Merriam-Webster provides a definition of “winner” as the “one that is successful” and as “a victor, especially in games and sports.” By the limitations of the English language, there can only be “one” technical winner in a given situation. In individual sprots, there will always be one overall winner; the individual that could out-perform the other athletes that showed up that day. For obstacle course racing, the winner would be that singular competitor that could run and complete the most obstacles the fastest.
The pressures of our society coins phrases such as “if you are not first place, you are last place,” “second place is the first place loser,” and “winning isn’t everything, it’s the only thing (Vince Lombardi).” By the literal definition, our language limits the judgment of our performance, daring us to believe that if you are not the winner or victor of the competition, then perhaps you are not successful. Essentially, the interpretation of the word “winner” means that unless you are designated as the overall victor, your performance may be without merit, excellence, or success. As a habitual third to fifth place finisher in competitive obstacle course races, I decided to re-evaluate my definition of “winning” and to alter my perception against the constraints of societal norms.
To me, “winning” does not necessarily equate with how I perform against external competitors and athletes; winning is a term to define how I perform against myself, as well as how I allow the experience on course to shape and develop my character. To me, winning means putting in the full effort and mindset of victory, even if my finish line ranking falls short. Obstacle course racing (OCR) has taught me that I can still be victorious, I can still be successful, and I can still “win,” regardless of my final placement in an event. I have learned that the only way that I can “lose” is within my own mind: when I am unable to withstand the challenges and I choose to give up on myself. My victory is defined by how I confidently persevere through the obstacles and terrain; my ability to continue to pick my feet up in spite of pain and doubt; and how I use each failure or mistake as an opportunity for learning and growth. For one athlete, “winning” might mean that they successfully complete the monkey bars for the first time in a race, or attempt an obstacle that they previously feared. For another, “winning” could be defined as simply being brave enough to start, or the life-changing accomplishment of crossing the finish line of a race.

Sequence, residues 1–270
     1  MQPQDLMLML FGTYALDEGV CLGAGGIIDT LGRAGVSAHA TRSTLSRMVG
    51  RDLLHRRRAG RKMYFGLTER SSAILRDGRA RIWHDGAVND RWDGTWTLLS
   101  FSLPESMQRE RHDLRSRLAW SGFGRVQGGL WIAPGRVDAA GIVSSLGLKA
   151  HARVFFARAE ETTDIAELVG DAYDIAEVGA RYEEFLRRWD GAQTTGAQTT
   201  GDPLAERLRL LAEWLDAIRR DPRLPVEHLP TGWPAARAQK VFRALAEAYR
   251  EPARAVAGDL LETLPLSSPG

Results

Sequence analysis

Through my years in OCR, some of my most significant and proudest finishes have not been races where I was crowned first place, or even made it to the podium. Some of the most profound experiences that I have encountered are the events where I refuse to succumb to self-defeat and I win against myself: when I fight back against the voice in my head that is taunting me to quit; when I am able to complete an obstacle that previously kept me stagnant on course; and when I am able to overcome my own demons to cross the finish line. Most of the race performances that have developed my mindset, taught me important lessons about myself, and built my confidence are events that have resulted in “sub-par” finishes by the standards of our language and society.
This article is not intended to dissect the English language or to try to change the general view of “winning vs. losing,” but to encourage people to approach obstacle course races (and life) under their own terms. My intent is to help dissolve the black and white thinking that can easily categorize us as “losers” and devalue our efforts, based on a comparison of ourselves against others. The way that you approach your performance in life and the mindset that you choose serves as the lens in which you perceive and evaluate your experiences. Every day, you can make the intentional choice to live in the grey area, outside of the pressures and conformity of what others may define as your path to success and winning; this is your life, your journey, and you get to decide and define your own victories.
Merriam-Webster also provides an interesting definition for “losing” as “to fail to gain.” Interpreted, this means that as long as you gain, then you can never lose. Simply put, the choice is yours: regardless of your placement in races, in your career, in your finances (in anything), what did you gain? Did you gain in knowledge, confidence, experience, or ability? Did you walk away from life’s finish line empty handed because you were not crowned as the victor, or did you choose to gain, learn, and grow from your experience? Whenever that answer to the latter is “yes,” that is when you win.